On Bearings Online, we run an occasional series on the portrayal of clergy in popular media. The following essay by Sara Olson Dean explores the pastor Anna character in The Expanse book series, which was adapted by the SyFy channel into a television show.
I was in high school when I first watched Star Trek: The Next Generation. I loved the show. In the Star Trek universe, earth is no longer plagued by poverty, prejudice, international conflict, or environmental degradation. Thanks to scientific discovery and technological advancement, humanity has evolved beyond such things, freeing intrepid Star Fleet officers to boldly go where no one has gone before. I still think life aboard Captain Picard’s USS Enterprise would be pretty great, except that all this progress has carried humanity into an age in which religion has been jettisoned as unenlightened superstition. If I were headed for the stars, I’d want to take my faith with me.
It was both a surprise and a delight, then, to meet the Reverend Doctor Annushka Volovodov — or Pastor Anna — in the pages of James S.A. Corey’s The Expanse series. In this vision of a space-faring future, people have settled the moon, colonized Mars, and built cities in the asteroid belt. Earth and Mars are sometimes at war. Significant cultural and physical differences divide the “inners” (who grew up in a planet’s gravity) and the “belters” (who didn’t). The primary arc of the series involves the discovery and misuse of the protomolecule (a substance engineered by an alien civilization). The protomolecule makes many things possible, but it profoundly disrupts political structures and alliances.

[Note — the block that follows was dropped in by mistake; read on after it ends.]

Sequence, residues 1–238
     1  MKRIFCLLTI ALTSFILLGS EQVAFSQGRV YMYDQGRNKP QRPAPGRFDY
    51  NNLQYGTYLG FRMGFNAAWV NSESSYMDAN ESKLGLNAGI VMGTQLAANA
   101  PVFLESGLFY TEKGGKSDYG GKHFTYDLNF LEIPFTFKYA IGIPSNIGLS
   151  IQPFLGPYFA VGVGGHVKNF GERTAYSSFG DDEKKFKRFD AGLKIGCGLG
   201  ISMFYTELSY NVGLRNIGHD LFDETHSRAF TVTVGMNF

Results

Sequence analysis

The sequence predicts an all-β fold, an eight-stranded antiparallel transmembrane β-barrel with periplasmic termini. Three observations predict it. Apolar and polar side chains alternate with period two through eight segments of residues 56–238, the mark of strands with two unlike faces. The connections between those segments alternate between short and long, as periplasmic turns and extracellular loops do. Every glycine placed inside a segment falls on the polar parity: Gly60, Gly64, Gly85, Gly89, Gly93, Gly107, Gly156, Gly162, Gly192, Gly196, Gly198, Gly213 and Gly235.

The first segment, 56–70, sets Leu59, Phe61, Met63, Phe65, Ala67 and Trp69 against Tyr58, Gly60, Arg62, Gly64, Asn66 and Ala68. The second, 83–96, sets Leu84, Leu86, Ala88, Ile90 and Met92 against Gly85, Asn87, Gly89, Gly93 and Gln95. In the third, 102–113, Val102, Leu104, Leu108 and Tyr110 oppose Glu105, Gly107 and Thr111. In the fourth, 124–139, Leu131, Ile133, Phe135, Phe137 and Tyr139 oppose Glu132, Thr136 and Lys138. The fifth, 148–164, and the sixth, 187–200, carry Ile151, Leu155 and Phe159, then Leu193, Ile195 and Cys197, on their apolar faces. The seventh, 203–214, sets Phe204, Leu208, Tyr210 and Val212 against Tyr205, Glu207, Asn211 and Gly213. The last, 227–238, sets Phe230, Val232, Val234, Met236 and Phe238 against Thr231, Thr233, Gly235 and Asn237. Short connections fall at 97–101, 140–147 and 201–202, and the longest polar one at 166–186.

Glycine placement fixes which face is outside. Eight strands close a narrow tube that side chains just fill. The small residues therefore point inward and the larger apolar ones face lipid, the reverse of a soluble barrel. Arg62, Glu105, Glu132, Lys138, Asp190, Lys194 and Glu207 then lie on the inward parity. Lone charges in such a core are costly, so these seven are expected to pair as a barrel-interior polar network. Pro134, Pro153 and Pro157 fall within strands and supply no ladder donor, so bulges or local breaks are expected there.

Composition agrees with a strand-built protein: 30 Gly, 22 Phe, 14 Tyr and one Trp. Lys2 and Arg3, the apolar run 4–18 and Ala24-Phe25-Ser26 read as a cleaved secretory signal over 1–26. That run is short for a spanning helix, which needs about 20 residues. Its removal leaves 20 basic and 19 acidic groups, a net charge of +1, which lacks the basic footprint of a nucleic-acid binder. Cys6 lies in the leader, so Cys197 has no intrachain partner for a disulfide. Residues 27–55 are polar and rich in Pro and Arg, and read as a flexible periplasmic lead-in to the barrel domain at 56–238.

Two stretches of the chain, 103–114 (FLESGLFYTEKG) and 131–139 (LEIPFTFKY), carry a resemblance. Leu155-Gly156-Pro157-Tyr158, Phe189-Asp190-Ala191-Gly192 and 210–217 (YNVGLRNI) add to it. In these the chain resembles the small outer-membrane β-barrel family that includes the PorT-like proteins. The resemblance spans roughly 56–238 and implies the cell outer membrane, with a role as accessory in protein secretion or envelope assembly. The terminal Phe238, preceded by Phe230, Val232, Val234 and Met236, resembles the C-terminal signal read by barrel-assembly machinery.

The story spans decades and has a large cast, but throughout the story, people are, well, people. In other words, Corey posits a future in which human achievement hasn’t brought about any great evolution of the human species. People carry their tendencies toward prejudice and violence and their religious traditions into the far reaches of space. A Mormon-built space ship is central to the story; the cast includes a missionary, a Catholic priest, and a Martian military chaplain as minor but noteworthy characters. By far the most important religious character in the book series, however, is Pastor Anna.
Pastor Anna offers pastoral care, forms a worshipping community, deals with church politics, wrestles with ethical quandaries, and navigates the challenges of ministering in a new context.
We meet Pastor Anna in the third novel, Abaddon’s Gate. She leads a small Methodist congregation on Europa (one of Jupiter’s moons). But she soon joins a collection of religious, political, and cultural figures on a voyage out to the ring gate — a creation of the protomolecule that becomes the center of human curiosity and conflict. Anna plays a central role as the story unfolds.
As a pastor (with Methodist roots, no less), I was surprised over and over by how familiar this character was. Pastor Anna struggles to be away from her wife and daughter, but goes on this venture with their blessing. She offers pastoral care, forms a worshipping community, deals with church politics, wrestles with ethical quandaries, and navigates the challenges of ministering in a new context. In particular, she has to carve out a role different from that of the overbearing, mansplaining priest who aligns himself with powerful political leaders. But as the story progresses, she finds her calling as a public theologian.